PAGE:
How to Get Something Off Your Credit Report

According to the Federal Trade Commission, around one in five people have errors on their credit reports. There’s a one in five chance that errors on your report are dragging your score down unfairly—which can end up costing you thousands of dollars. Luckily, you have the right to review your credit reports and challenge inaccurate items. Here’s how to get something off your credit report.

How to Challenge an Inaccurate Item on Your Credit Report

Your right to a free and accurate credit report is protected by the Fair Credit Reporting Act. Under the Act, if you challenge an item on your credit report and the creditor or credit reporting agency can’t verify the item’s accuracy, the act requires the unverified item be confirmed or removed from your credit report.

The Act gives bureaus and data furnishers 30 days to investigate and inform the consumer of their findings. That time can extend to 45 days under certain circumstances. The actual time frame depends on many factors, including postal mail timing.

It’s not always as simple as it sounds, though. Check out the tips and information below to better understand how errors get on your credit report and what to do about them.

How Credit Report Errors Occur

Credit report errors can occur for a number of reasons. Here are some common ones:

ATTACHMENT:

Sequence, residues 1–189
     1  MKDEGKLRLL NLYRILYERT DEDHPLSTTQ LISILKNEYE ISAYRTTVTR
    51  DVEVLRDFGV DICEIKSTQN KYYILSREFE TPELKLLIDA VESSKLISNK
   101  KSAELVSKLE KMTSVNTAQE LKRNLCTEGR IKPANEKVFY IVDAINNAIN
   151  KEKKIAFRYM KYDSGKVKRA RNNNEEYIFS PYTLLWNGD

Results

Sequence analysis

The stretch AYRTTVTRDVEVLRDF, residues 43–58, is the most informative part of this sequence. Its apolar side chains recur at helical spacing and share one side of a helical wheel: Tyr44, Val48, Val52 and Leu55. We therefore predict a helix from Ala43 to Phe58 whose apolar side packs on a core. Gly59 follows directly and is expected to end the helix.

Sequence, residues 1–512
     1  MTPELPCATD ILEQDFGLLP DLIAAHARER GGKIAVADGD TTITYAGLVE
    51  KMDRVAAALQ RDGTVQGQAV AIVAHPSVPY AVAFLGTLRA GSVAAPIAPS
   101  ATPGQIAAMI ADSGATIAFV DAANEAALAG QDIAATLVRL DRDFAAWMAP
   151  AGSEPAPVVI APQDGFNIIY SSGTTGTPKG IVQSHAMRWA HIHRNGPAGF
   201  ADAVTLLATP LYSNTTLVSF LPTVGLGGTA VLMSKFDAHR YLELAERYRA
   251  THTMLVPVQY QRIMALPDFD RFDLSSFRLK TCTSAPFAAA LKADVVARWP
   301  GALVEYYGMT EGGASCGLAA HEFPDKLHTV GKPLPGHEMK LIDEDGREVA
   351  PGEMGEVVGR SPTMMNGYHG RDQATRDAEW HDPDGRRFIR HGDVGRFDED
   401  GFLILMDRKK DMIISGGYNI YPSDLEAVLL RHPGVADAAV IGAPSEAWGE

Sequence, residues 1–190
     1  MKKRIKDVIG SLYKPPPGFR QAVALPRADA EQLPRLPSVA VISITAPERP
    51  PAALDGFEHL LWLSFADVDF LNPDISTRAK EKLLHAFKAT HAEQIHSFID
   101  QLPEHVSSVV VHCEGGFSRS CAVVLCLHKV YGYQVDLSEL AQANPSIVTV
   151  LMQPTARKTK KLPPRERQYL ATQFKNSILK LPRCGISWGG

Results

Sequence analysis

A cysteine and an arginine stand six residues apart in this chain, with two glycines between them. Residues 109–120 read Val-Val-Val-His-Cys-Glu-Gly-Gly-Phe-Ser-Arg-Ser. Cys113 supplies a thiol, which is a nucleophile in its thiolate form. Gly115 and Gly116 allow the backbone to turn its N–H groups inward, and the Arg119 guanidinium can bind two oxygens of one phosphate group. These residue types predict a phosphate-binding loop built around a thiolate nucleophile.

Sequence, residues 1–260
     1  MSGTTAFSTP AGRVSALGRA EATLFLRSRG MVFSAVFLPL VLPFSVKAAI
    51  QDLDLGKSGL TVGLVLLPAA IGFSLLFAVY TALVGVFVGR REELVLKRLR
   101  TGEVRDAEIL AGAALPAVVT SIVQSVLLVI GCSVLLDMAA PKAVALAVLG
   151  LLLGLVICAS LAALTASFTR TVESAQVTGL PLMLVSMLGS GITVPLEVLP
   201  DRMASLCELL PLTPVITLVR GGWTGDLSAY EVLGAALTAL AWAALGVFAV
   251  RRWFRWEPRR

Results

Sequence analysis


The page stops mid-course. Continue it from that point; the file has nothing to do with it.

• Mixed files. If someone with the same name or a similar name applies for credit, a piece of their file can become mixed with your file. A consumer with a common name such as “John A. Smith,” for example, might see his file mixed with a John B. Smith or a John A. Smith, Jr.
  • Identity theft. If someone has stolen your Social Security number, they can open a new account in your name. This information appears on your credit report and can be particularly difficult to remove.
  • Furnisher errors. Furnishers are banks, debt collectors, and others that report the information that shows up on your credit report. A clerical error or data issue with the furnisher can mean an error getting passed on to your credit report.
  • Re-aging of old debts. Certain debts are supposed to age off your credit report within a certain amount of time. Re-aging can occur when a debt is sold to a third-party collector and the start date on the debt’s clock is muddied and appears to be a new debt. It may even appear twice on the report from the original debtor and the debt collector. This can cause your credit to take a hit for much longer than it should.

How Fast Can You Clean Up Your Credit Report?

The length of time it takes to clean up your credit report depends on the number and type of issues you have. In many cases, you may be able to notice improvements to your credit score in just a few months. However, it could take several years to fully restore your credit.